The Federal Trade Commission doesn’t consider the size of companies when examining whether a past merger was a bad idea, but instead focuses on what future the individual companies would have had absent the merger, the agency’s chairman said Wednesday.
The Federal Trade Commission will go after advertisers who make misleading claims about their products with renewed force, Chairman Joseph Simons said Wednesday at an advertising law conference in Washington, D.C.
The fight by many Democrats to push competition policy in a more populist direction helped spark a row at the Federal Trade Commission this week when members traded barbs over the agency’s split decision allowing Staples and its private equity backer to acquire office supply company Essendant.
The total value of fines levied by global enforcers for cartel conduct last year dropped slightly compared to 2017, but antitrust authorities still doled out significant penalties over both domestic and international activity, according to a report released Thursday by Morgan Lewis & Bockius LLP.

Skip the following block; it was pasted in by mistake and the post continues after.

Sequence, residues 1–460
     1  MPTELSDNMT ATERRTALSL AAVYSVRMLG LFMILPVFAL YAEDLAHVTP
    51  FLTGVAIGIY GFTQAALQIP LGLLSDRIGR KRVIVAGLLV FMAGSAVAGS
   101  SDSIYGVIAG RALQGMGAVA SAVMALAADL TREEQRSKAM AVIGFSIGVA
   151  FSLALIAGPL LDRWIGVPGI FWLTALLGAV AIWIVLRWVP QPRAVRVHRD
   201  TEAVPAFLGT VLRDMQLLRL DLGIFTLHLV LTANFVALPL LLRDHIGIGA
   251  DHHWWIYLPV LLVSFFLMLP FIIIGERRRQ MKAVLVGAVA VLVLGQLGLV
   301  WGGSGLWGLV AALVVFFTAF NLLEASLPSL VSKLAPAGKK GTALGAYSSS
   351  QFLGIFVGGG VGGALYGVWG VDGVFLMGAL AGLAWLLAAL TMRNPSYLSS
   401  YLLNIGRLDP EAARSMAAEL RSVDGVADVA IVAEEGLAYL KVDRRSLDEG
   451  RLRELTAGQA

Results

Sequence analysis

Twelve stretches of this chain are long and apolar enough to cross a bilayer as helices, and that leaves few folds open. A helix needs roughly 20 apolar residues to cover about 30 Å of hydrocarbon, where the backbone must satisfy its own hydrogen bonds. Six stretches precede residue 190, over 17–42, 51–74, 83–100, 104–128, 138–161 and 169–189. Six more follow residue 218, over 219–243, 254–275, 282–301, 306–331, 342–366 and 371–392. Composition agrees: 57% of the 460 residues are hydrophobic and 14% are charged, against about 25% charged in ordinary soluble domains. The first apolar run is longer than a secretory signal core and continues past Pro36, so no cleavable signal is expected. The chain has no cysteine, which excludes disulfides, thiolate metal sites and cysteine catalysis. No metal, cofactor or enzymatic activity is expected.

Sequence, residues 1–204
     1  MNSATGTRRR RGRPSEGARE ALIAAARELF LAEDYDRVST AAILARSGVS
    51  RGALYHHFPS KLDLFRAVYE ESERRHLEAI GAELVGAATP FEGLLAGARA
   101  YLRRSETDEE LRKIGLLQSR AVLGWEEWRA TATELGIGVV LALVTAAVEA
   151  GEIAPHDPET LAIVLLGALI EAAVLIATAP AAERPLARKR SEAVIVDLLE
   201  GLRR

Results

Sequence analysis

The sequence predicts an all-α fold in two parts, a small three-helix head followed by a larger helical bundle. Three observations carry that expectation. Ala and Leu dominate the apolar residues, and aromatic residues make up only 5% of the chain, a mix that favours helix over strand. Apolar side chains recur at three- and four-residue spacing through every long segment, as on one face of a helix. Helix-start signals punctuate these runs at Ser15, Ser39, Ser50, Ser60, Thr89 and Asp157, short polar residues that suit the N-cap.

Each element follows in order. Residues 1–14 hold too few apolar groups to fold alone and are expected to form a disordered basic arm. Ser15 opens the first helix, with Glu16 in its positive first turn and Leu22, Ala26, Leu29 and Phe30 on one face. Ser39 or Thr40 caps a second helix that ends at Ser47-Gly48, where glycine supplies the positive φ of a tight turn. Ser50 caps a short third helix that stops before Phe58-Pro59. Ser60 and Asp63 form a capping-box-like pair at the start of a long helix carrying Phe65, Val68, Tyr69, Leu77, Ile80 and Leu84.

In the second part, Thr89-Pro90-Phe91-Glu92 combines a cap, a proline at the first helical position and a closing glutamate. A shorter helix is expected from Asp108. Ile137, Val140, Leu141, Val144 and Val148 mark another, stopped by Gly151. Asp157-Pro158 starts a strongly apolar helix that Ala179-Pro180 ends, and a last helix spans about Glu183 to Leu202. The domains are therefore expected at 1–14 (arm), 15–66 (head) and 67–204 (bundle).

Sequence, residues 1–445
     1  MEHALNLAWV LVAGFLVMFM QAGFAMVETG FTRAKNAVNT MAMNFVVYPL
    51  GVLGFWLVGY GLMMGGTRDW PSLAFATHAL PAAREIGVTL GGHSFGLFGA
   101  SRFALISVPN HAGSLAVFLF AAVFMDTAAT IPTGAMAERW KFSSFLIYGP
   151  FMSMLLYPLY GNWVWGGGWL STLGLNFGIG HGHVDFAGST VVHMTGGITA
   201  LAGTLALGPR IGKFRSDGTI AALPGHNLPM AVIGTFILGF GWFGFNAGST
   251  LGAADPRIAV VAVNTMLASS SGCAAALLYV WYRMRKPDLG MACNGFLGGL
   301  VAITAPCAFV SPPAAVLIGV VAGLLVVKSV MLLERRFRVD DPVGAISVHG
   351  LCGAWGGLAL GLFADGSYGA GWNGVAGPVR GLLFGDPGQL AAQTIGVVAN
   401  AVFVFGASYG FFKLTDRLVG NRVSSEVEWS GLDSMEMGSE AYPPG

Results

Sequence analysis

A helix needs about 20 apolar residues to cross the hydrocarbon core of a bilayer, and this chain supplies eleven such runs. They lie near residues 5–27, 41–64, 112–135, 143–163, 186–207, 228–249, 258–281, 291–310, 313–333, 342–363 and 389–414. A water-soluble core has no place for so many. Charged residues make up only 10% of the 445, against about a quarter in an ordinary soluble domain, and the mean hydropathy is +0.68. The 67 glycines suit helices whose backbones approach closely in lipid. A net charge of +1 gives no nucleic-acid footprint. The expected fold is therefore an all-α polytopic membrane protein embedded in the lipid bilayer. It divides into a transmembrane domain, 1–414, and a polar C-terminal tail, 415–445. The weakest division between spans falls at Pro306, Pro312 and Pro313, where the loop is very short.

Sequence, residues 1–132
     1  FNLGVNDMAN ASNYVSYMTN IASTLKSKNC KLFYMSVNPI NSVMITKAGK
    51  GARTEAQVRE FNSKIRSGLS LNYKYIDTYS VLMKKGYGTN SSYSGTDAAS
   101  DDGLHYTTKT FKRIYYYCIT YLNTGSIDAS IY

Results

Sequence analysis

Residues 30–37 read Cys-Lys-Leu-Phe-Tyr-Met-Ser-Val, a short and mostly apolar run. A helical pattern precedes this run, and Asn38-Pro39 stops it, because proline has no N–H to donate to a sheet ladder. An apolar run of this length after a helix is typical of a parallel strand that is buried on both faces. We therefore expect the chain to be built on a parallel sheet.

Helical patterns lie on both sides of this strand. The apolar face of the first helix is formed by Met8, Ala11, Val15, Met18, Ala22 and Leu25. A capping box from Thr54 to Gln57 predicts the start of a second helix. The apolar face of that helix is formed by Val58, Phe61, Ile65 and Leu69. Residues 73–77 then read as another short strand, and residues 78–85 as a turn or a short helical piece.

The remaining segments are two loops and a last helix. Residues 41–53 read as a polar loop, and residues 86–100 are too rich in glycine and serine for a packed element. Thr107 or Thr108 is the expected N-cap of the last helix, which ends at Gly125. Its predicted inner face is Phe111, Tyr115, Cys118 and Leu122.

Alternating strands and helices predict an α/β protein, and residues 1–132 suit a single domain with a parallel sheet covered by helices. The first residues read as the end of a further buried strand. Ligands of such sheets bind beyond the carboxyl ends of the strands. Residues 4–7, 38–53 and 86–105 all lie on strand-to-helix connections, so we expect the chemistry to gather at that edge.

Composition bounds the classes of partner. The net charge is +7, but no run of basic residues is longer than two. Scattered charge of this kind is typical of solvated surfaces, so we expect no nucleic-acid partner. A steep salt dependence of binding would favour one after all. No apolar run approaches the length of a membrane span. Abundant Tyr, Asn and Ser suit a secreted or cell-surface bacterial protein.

Justices Samuel Alito and Neil Gorsuch on Monday floated the idea of overruling the high court’s landmark Illinois Brick decision, which limits federal antitrust standing to direct purchasers, during oral arguments in a case accusing Apple Inc. of monopolizing the market for apps sold on its devices.
The U.S. Supreme Court's unanimous ruling on Wednesday in Obduskey v. McCarthy & Holthus LLP removes nearly all activities taken by creditors seeking nonjudicial foreclosure of liens and mortgages from the ambit of the Fair Debt Collection Practices Act, says John Baxter of Nelson Mullins Riley & Scarborough LLP.
These days, a popular theme in media is that lawyers' jobs will be taken by robots. However, based on the tech issues discussed at the South by Southwest technology conference in Austin, Texas, last month, robots may in fact need lawyers, says Nick Abrahams of Norton Rose Fulbright.
When the issue of the per se rule for criminal Sherman Act trials reaches the U.S. Supreme Court in the near future, the justices will take different approaches, but the rule will fall, says former federal prosecutor Robert Connolly.